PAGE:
Figure 2. Quantifying HES1 protein number with FCS. Schematic and image of stably infected NS-E cells containing (A) UbC-VENUS:HES1 reporter construct and (B) 2.7 kb-Hes1pr-VENUS:HES1 reporter construct. VENUS:HES1 signal in yellow. Scale bars show 30 μm. (C) HES1 western blot with LAMIN B1 loading control. Nuclear lysates of NS-E cells stably infected with UbC-VENUS:HES1 or control NS-E cells. Both cell-lines treated with DMSO or 10 μM MG132 proteasome inhibitor for 3 hr. MG132 treated cells show increased HES1 and VENUS:HES1. (D) FCS quantification of VENUS:HES1 molecules per nucleus in stable UbC-VENUS:HES1 and 2.7 kb-Hes1pr-VENUS:HES1 reporter NS-E cell-lines. 236 cells (mean 3660 ± 120 (S.E.M) molecules) and 98 cells (mean 2450 ± 190 (S.E.M) molecules) were analysed in 4 and 2 experiments respectively. Error bars show S.D. FCS data and Western blots at different exposures are contained in Figure 2—source data 1. | |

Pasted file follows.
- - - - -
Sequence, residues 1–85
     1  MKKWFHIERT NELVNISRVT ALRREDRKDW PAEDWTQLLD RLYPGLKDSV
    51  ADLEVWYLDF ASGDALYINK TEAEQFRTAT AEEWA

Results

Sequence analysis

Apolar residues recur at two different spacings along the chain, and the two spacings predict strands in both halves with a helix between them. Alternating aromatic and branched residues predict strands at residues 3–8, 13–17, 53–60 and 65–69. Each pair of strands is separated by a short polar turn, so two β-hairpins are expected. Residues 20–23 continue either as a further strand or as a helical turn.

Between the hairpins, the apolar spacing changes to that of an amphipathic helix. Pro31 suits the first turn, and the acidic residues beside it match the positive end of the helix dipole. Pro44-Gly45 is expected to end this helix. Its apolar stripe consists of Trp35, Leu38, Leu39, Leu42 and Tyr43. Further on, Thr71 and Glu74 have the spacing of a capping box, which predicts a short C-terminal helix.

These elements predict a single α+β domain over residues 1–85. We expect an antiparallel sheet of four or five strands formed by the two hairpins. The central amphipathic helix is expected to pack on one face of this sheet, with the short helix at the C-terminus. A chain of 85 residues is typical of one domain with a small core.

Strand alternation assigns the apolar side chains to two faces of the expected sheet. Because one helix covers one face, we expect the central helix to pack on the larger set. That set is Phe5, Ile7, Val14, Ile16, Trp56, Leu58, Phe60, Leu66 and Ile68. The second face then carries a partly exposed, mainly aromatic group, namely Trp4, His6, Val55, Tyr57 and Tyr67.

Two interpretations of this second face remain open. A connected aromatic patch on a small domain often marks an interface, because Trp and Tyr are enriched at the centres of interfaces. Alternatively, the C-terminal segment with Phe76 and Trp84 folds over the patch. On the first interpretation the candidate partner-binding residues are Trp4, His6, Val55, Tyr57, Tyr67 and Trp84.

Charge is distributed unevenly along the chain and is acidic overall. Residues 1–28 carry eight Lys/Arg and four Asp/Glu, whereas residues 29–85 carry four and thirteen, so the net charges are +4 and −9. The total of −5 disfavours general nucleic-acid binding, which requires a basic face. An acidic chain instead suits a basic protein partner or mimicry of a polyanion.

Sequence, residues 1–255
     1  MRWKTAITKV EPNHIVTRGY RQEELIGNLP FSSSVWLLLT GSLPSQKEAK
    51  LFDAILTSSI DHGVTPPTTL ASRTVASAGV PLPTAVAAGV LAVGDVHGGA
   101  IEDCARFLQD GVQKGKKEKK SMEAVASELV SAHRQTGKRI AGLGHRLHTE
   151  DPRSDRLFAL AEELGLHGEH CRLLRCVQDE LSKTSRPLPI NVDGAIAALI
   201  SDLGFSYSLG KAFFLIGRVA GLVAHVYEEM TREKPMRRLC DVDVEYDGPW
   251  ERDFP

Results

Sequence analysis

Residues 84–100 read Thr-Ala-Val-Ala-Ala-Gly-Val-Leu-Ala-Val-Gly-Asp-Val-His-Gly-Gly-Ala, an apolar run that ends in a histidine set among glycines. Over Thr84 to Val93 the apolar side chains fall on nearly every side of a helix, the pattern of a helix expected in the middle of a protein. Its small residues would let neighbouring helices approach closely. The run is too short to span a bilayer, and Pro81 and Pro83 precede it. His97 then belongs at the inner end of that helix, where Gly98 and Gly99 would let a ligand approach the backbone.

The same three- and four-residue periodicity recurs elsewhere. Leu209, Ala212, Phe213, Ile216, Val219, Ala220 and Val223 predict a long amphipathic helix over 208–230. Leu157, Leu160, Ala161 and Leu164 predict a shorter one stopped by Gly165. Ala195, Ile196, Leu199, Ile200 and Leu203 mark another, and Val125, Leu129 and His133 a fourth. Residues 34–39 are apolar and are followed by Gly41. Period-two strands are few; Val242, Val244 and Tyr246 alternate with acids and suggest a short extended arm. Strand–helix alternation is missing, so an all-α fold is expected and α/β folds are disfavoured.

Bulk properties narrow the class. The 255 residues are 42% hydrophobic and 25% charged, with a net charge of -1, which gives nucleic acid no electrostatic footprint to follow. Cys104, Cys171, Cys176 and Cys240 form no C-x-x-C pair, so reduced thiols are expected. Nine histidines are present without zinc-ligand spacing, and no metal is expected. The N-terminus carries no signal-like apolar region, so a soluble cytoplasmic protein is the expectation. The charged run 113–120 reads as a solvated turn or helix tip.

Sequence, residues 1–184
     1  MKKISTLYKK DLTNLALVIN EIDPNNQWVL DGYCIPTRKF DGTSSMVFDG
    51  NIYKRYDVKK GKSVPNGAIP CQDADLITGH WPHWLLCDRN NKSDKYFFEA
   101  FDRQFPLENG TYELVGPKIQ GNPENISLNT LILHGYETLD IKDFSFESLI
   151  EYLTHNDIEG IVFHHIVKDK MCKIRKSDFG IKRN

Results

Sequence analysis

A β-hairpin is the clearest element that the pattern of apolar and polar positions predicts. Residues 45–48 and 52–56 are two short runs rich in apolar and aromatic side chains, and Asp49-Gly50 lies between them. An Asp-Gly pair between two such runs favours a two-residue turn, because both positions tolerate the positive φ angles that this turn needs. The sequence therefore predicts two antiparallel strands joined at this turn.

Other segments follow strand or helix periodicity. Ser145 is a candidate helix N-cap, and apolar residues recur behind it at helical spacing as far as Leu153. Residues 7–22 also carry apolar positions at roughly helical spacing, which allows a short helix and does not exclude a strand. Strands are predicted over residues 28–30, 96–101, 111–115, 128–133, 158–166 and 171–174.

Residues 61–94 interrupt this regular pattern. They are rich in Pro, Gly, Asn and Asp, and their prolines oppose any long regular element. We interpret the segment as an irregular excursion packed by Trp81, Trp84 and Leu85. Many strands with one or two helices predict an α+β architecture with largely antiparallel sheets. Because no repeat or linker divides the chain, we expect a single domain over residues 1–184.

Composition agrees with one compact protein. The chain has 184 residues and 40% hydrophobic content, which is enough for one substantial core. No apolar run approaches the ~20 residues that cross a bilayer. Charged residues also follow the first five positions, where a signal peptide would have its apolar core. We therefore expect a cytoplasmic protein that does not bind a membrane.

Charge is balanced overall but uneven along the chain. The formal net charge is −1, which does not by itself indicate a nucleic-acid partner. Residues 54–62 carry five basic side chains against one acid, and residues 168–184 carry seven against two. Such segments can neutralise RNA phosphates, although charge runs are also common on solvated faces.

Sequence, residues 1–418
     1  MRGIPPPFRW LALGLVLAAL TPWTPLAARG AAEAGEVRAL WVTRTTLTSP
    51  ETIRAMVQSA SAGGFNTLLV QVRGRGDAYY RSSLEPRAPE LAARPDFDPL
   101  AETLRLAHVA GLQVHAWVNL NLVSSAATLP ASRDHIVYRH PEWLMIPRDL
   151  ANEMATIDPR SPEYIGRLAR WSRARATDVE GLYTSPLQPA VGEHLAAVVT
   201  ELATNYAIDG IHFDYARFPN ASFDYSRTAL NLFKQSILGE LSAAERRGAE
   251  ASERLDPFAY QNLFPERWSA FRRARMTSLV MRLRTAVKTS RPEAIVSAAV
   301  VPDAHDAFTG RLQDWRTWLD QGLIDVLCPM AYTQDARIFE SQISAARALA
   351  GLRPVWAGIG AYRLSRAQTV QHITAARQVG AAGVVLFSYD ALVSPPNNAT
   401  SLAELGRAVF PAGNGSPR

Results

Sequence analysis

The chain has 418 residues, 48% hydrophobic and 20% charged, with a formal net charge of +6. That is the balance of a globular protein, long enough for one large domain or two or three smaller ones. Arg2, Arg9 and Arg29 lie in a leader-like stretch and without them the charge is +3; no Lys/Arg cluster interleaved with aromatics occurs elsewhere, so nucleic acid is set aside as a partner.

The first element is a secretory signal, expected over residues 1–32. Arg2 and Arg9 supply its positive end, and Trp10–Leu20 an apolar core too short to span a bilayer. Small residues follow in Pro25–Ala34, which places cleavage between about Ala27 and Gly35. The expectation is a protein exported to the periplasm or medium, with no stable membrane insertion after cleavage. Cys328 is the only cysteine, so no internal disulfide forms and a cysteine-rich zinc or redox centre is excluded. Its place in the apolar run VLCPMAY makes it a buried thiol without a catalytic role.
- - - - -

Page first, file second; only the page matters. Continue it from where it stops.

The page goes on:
Figure 3. Stochastic simulations of HES1 oscillations match the experimental data better. (A) Time series of LUC2:HES1 reporter protein expression in a single primary NS cell determined by bioluminescence imaging. (B) Deterministic simulation of Hes1/miR-9 network at a single-cell level, plot shows HES1 protein concentration as a function of time. (C) Stochastic simulation of Hes1/miR-9 network with the dSSA at a single cell level. (D) q-PCR quantification of endogenous Hes1 mRNA in C17.2 cells at the population level following serum synchronization. Error bars show S.E.M of 2 technical replicates of 2 biological experiments. (E) Population level deterministic simulation of Hes1/miR-9 network through averaging 2000 single-cells, with Hes1 mRNA shown as a function of time. (F) Population level stochastic simulation of Hes1/miR-9 network with the dSSA and averaging over 2000 cells, with Hes1 mRNA shown as a function of time. All simulations performed with parameter set 1 (Appendix 1—table 1) with system size ω = 1 and initial conditions m(0) = p(0) = r(0) = 0. Note that the computational simulations are less damped than the experimental data, presumably because other sources of variability in experimental data lead to greater damping. MATLAB code and experimental data contained in Figure 3—source data1. | |